Can Energy Tsunamis Bring Oil Down To $10?

Blog Post created by latikasharma on Dec 25, 2016

With the world standing on the brink of alternative energy exploration, the oil industry must brace for five energy “tsunamis” that threaten to drag prices as low as $10 a barrel in less than a decade, according to Engie SA’s innovation chief.


The falling cost of solar power and battery storage, rising sales of electric vehicles, increasingly “smart” buildings and cheap hydrogen will all weigh on crude, Thierry Lepercq, head of research, technology and innovation at the French energy company, said in an interview. Which leads us to believe that the industry must prepare for the eventuality that one or more of these trickles of energy sources might turn tsunami level feasible in the upcoming decade. With Tesla running an entire island on solar power, and France initiating the world's first solar panel road to power streetlights, that's not exactly a question of high faith.


“Even if oil demand continues to climb until 2025, its price could drop to $10 if markets anticipate a significant fall in demand,” Lepercq said at his office near Paris, which would be the case if a powerful alternate energy source comes into play. Crude last slumped to that level in 1998. “Solar, battery storage, electrical and hydrogen vehicles, and connected devices are in a ‘J’ curve,” he said. “Hydrogen is the missing link in a 100 percent renewable-energy system, but technological bricks already exist.”


The former French gas monopoly, which is now the world’s largest non-state power producer following a decade of acquisitions, is investing in renewables while selling coal-fired plants and exploration assets to shield itself from commodity-price swings. It plans to spend 1.5 billion euros ($1.57 billion) by 2018 on technologies including grid-scale battery storage, hydrogen output, “mini-grids” that serve small clusters of homes, and smart buildings that link up heating, lighting and IT systems to save energy and cut costs.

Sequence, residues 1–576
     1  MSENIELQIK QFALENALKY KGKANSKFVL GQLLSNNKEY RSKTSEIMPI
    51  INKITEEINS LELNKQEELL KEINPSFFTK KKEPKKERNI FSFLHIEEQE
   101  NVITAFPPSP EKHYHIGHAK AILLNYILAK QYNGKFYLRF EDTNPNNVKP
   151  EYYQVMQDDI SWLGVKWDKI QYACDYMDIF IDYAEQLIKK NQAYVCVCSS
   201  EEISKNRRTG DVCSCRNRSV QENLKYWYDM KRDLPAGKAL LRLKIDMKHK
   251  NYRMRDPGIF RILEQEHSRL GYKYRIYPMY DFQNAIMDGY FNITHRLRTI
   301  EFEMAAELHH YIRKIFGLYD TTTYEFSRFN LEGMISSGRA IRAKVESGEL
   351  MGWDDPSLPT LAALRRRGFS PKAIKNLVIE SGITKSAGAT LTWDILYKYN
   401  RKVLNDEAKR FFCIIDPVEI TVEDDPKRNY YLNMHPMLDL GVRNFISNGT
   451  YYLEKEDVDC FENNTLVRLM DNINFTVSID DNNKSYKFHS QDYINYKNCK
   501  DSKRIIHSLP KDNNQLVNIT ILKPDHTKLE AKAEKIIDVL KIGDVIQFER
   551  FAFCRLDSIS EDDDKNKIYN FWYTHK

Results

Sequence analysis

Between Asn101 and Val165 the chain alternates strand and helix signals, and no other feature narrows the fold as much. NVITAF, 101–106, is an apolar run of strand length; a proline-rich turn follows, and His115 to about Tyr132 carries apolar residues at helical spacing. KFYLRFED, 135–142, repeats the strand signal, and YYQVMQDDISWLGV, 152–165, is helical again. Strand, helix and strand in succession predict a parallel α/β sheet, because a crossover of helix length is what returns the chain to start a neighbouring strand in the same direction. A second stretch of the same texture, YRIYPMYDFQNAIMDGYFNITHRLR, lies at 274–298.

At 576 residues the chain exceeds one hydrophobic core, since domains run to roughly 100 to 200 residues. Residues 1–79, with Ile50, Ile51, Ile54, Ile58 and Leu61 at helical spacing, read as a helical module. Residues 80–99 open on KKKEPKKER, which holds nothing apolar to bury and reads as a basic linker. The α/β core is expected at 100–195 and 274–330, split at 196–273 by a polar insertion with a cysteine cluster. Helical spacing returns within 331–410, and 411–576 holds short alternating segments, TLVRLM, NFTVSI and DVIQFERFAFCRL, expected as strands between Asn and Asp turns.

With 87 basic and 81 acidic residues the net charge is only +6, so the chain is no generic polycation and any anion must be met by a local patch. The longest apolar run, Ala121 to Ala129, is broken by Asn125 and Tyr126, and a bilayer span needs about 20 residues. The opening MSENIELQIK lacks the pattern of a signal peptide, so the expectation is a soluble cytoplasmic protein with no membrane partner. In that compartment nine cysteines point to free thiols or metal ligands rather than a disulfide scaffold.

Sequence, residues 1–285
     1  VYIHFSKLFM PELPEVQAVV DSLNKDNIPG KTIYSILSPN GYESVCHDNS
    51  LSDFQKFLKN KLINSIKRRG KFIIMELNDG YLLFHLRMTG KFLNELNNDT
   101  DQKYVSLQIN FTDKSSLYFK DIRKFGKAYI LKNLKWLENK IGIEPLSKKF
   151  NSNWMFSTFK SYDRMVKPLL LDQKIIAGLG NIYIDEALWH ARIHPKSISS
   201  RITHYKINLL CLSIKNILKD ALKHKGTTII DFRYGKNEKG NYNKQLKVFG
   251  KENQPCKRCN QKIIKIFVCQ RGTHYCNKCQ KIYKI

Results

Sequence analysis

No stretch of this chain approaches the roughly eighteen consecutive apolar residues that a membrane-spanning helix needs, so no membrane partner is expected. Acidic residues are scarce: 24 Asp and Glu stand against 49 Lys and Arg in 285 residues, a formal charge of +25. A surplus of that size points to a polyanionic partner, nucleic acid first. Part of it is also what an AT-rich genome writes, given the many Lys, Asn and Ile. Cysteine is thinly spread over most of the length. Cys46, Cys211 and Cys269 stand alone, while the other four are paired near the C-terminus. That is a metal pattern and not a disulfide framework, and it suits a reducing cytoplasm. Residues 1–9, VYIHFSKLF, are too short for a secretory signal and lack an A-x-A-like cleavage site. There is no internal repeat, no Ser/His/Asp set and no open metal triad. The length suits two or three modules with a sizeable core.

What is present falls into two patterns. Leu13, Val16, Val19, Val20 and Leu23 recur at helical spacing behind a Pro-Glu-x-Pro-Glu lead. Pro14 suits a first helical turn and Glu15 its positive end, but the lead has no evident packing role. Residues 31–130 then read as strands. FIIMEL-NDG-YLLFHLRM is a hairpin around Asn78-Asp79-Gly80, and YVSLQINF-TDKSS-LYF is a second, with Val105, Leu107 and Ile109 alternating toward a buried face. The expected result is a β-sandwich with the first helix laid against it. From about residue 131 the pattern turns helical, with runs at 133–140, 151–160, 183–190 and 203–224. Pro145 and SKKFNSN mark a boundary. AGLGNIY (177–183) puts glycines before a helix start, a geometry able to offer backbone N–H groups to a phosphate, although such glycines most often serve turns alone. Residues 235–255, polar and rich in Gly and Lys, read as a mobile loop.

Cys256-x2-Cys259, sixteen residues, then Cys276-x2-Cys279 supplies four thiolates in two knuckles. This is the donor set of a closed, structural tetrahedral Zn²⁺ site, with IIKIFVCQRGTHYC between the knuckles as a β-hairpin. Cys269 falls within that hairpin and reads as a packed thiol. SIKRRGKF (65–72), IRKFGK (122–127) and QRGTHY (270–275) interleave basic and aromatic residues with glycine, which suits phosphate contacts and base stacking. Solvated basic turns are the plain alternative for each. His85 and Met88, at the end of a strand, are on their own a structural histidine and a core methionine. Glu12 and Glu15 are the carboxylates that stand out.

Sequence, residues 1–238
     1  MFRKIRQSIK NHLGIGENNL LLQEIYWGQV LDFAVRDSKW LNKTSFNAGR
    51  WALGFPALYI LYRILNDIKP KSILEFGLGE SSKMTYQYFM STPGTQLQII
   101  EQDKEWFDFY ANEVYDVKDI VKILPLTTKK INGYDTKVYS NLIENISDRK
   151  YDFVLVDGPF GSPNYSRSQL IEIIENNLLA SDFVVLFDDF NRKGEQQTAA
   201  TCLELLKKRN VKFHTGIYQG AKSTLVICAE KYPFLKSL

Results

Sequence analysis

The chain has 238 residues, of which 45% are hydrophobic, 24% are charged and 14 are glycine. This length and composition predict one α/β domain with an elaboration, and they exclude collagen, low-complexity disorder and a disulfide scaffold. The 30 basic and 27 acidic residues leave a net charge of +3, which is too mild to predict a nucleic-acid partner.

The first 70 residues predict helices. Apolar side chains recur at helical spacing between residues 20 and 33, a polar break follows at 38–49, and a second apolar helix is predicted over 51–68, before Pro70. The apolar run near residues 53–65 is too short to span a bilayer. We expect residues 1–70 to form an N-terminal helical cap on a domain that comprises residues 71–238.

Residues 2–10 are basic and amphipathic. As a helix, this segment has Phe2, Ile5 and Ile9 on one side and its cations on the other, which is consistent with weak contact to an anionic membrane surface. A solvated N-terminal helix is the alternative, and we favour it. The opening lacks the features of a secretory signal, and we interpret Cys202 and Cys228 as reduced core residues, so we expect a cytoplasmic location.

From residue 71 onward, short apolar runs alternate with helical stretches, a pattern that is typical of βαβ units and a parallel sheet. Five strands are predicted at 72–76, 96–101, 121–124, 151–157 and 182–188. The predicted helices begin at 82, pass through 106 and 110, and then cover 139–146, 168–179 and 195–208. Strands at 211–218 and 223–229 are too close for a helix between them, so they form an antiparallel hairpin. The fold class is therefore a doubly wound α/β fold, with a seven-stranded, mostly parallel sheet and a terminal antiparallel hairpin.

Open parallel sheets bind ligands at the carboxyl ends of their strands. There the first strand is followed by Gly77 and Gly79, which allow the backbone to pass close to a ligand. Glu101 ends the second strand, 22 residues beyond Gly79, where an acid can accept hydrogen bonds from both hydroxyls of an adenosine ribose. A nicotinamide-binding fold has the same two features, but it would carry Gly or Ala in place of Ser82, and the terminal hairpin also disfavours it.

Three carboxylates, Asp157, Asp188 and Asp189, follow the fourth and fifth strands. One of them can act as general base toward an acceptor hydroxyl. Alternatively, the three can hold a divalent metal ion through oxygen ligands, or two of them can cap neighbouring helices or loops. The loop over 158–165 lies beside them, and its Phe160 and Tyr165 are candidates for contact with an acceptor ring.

“In the months to come, we expect to announce the first major steps of projects, investments, partnerships and potential acquisitions in these areas", said Lepercq, a former banker and entrepreneur who in 2006 co-founded Solairedirect, a solar developer that was bought by Engie for about 200 million euros in 2015. “We’re talking about technology platforms in which massive value can be created from comparatively small investment.” This step will have the dual benefit of giving more than what goes in, and at the same time, providing a safe and eco-friendly energy production procedure.


The cost of solar power will probably drop below $10 a megawatt-hour before 2025 in the world’s sunniest places, according to Lepercq. “As carmakers offer more electrical vehicles with a range exceeding 500 kilometers, charging stations being progressively deployed and more cities banning gasoline and diesel cars, a shift will progressively take place,” Lepercq said. A stastic to support this claim indicates that the number of battery and plug-in vehicles around the world has surged in recent years to top 1 million, according to the International Energy Agency.


Tackling the hydrogen aspect, Lepercq said, “We’ll have the possibility to transport energy that’s produced very cheaply in remote places,” . He said he’s encouraged by the development of the first liquefied hydrogen carrier by Kawasaki Heavy Industries Ltd. as part of a Japanese plan to import hydrogen from Australia, and believes “hundreds” more will be launched in the coming decade.


In France, Engie recently conducted a “very deep modeling” of the Provence-Alpes-Cote d’Azur region of 5 million inhabitants, showing it could run entirely on renewables by 2030 for as much as 20 percent less cost than the current energy system, Lepercq said. Solar, wind, biogas, large-scale battery storage and hydrogen would be key elements. “The promise of quasi-infinite and free energy is here,” he said.


Hence, the oil and gas industry must come to terms with the significant outreach of its up and coming competitors in the energy sector, and start effective planning on how to symbiotically progress in harmony with all of them for a more secure and much brighter energy sector of the future.


Source: Bloomberg